Poster Board III-441
Pre-eclampsia is associated with increased rates of platelet clearance, changes in platelet function, and platelet activation. The goal of the current study was to assess changes in basal levels of platelet activation in individuals with pregnancies with hypertensive complications, and to compare those levels to individuals with uncomplicated pregnancies. In this study, three indices of platelet activation, platelet CD63 expression (% CD63), monocyte/platelet aggregate (% MP) formation, and neutrophil/platelet aggregate formation (% GP) were measured in whole blood by flow cytometry using specific, fluorescently-labeled monoclonal antibodies in 20 nulliparous women of reproductive age who subsequently conceived singleton pregnancies. Subjects were re-examined in early (11 - 16 wks) and late pregnancy (31 - 34 wks), as well as ∼15 months postpartum. Three of these women were diagnosed with hypertensive complications (1 gestational hypertension with intrauterine growth restriction, 2 pre-eclampsia), and delivered at term. However, all subjects were normotensive at all study points. The data are expressed as the mean ± SEM. P < 0.05 is considered significant. Subjects with uncomplicated pregnancies were 29.4 ± 0.77 years old with a BMI of 23.6 ± 0.83 kg/m2 at the time of the pre-pregnancy studies. Subjects with pregnancies with hypertensive complications were 32.0 ± 1.5 years old with a BMI of 21.3 ± 0.88 kg/m2 at the time of the pre-pregnancy studies. No differences in the platelet activation markers, % CD63 and % GP, were observed in this study. In contrast, a strong trend for increased % MP formation in pre-pregnancy measurements in those women destined to develop hypertensive complications of pregnancy was observed (p=0.062): Women with pregnancies with hypertensive complications had substantially more % MP formation (20.9 ± 10.3%) than women with uncomplicated pregnancies (7.1 ± 4.2%). In individuals with uncomplicated pregnancies, an increase in the % MP formation over pregnancy was observed over time, and this platelet activation marker remains elevated (20.2 ± 4.4%, p=0.015) in postpartum measurements when compared to pre-pregnancy values. A markedly different pattern was observed in women with pregnancies with hypertensive complications with postpartum values below the pre-pregnancy values (5.3 ± 12.2% vs. 20.9 ± 10.3%). These combined observations suggest that hypertensive complications of pregnancy are associated with alterations in the pattern of platelet activation in pregnancy and postpartum.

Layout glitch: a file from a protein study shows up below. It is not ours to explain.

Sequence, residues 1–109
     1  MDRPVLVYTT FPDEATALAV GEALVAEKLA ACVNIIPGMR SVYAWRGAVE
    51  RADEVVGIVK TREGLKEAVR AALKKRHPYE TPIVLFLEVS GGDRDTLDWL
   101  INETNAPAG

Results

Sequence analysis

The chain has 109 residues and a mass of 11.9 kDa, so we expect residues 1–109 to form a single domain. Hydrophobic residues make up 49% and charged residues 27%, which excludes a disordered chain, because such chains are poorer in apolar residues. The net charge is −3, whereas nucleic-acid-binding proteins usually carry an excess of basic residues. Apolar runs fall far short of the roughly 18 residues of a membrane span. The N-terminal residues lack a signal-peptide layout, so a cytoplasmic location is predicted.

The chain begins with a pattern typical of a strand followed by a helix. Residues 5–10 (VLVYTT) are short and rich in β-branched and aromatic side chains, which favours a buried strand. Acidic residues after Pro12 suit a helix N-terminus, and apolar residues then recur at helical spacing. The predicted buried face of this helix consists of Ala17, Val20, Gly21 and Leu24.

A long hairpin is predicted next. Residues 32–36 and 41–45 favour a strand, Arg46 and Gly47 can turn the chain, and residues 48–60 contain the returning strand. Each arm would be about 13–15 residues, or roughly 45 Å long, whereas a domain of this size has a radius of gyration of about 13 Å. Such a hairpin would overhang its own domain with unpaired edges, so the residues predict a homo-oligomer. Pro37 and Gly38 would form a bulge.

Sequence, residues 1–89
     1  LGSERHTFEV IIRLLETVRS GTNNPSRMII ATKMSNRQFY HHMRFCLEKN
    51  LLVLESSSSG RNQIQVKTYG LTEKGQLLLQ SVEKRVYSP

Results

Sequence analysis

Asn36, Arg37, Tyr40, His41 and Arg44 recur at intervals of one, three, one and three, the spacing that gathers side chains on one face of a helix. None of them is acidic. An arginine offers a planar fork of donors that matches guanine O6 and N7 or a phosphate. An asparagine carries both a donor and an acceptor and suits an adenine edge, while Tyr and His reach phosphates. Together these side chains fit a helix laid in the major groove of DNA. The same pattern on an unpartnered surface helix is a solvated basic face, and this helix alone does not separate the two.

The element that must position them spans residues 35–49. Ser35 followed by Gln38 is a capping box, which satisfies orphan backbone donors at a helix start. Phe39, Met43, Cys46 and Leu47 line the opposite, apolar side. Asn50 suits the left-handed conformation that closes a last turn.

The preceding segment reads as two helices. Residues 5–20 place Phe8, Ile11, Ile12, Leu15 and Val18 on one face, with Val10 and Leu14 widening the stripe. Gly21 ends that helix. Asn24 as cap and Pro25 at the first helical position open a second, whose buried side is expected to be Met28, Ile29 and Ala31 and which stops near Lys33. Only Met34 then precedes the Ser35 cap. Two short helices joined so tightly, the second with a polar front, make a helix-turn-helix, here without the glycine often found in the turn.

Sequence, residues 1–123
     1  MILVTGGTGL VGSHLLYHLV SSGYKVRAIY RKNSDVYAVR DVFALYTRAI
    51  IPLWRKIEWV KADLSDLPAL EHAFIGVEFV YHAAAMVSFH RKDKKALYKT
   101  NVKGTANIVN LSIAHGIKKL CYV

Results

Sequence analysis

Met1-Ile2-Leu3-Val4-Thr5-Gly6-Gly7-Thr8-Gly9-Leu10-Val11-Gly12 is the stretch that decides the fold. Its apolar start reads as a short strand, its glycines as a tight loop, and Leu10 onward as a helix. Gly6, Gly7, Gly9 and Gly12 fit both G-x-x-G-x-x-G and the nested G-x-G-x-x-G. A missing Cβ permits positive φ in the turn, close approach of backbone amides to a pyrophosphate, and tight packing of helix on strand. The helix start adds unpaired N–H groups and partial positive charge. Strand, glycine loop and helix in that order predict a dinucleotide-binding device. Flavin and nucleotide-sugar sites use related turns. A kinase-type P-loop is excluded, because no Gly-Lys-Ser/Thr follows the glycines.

No relevant conflicts of interest to declare.
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